James Clarke (without his Five) with his acoustic guitar entertained us next. "Marianne" was the current single and with no band to support, it was stripped down for tonight's performance. It worked well too, with James' tender vocals. There was a bit of a tongue in cheek nod to the second world war at the end of "Sex Bomb". In all we got a half hour of some lovely songs.

The venue rocked next with Paul Orwell. With just one vocalist who was a bit like a young Dave Davis their set was a mixture of full on rock songs and some slower numbers. Both worked really well and we enjoyed listening to them.

Saturday night rounded off with The 286. We have seen this band a number of times and led by Spencer Hannabuss we love the way they mix classical and rock music. The stage is always filled with musicians and tonight was no exception - violins, cello, guitars - they are all there. "Little Louisa" is a particular favourite - really catchy and forces your feet to tap.

Sunday dawned and we were tired, but got ourselves to the venue in time to see the opening act Dave Rave. The early Sunday afternoon time slot is not the best as London sleeps off the effects of the night before, but the small audience doesn't get Dave Rave down! Dave plays at just about every IPO festival, and just oozes energy and it infects everyone. The Beeb got up on stage (again) and sang along. Even David Bash was on the stage, contributing to "Let's Shake". We got another dose of Dave Rave a little later on when a band did a no show and he graciously filled in the spare slot.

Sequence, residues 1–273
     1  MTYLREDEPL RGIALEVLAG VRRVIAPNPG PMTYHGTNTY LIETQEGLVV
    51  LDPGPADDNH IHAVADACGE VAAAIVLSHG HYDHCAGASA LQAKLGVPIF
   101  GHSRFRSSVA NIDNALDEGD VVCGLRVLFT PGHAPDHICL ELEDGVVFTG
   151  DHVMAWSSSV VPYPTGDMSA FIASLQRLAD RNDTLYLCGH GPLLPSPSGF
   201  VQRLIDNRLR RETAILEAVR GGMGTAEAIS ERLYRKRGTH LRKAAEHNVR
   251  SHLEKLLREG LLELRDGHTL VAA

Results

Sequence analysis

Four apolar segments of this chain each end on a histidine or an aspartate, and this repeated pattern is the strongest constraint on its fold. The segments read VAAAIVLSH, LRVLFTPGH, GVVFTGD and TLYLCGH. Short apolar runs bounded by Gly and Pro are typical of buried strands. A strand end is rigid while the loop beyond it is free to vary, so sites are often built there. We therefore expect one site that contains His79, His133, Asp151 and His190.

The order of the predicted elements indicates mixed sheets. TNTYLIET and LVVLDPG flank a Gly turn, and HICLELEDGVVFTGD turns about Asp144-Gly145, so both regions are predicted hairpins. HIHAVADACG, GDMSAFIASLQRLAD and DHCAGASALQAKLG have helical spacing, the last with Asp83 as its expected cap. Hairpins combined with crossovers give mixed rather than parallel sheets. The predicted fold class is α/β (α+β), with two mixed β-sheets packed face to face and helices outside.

Apples I Am are a nod to Mumford and Sons. They have great vocal harmony and their instruments included a mandolin and a violin. They did a great cover of "Fat Bottomed Girls".

Cellar Door were late so they had to play a shortened set. We felt this was a new act as the singer seemed to be very unsure of what they were going to play, they tuned their guitars repeatedly and they were unable to finish their last song. Maybe more practice needed.

Next up, a band we had seen a few years ago at the Liverpool festival - the Peppermint Apes. Since our first experience of this band (who we liked a lot), they semed to lose their way a bit, with focus on the lead singer to the extent the rest of the band were really just there for him! Seems like he has come back down to earth a bit and they have all grown up now and actually played together like a band. The older songs were the stand out ones, such as "Dance Floor Hero". It was a good set.

The Sha La La's had a drumbeat that resembled Spencer Davies' "Keep on Running" and alongside a Style Council influenced keyboard , this was an energetic and powerful mod band. The audience really seemed to like them, and we thought they were good.

The next band The Capers were not really to our taste. A couple of songs sounded influenced by The Searchers, but on the whole the set was quite monotonous and we couldn't hear the backing vocals at all. They had a few technical difficulties which probably didn't help settle them.

The King Zoots definitely got the thumbs down from us. The lead was John Lydon's lost son and they were pretty offensive with the continued use (unecessarily) of the F word. Billed as Mod influenced, they were really just a knock off Sex Pistols tribute band who constantly  yelled at the audience to "Buy our f'ing CDs". Needless to say, we didn't!

The next band had a 4 star review in Uncut and we wondered just what (or who) Uncut had been listening to!! Sound of Pop Art had a weak lead vocal which was drowned out by the backing vocals, and there were no stand out songs. Looking around the audience, we noticed one of the WAGS was completely disinterested, clapping politely and then checking her watch as though she couldn't wait for the set to end!

The night ( and London Festival) ended for us with Trambeat. This ensemble of many, filled the stage (and more) and gave us a set of Northern soul type sounds infused with a bit of hiphop. It was a good end to our night.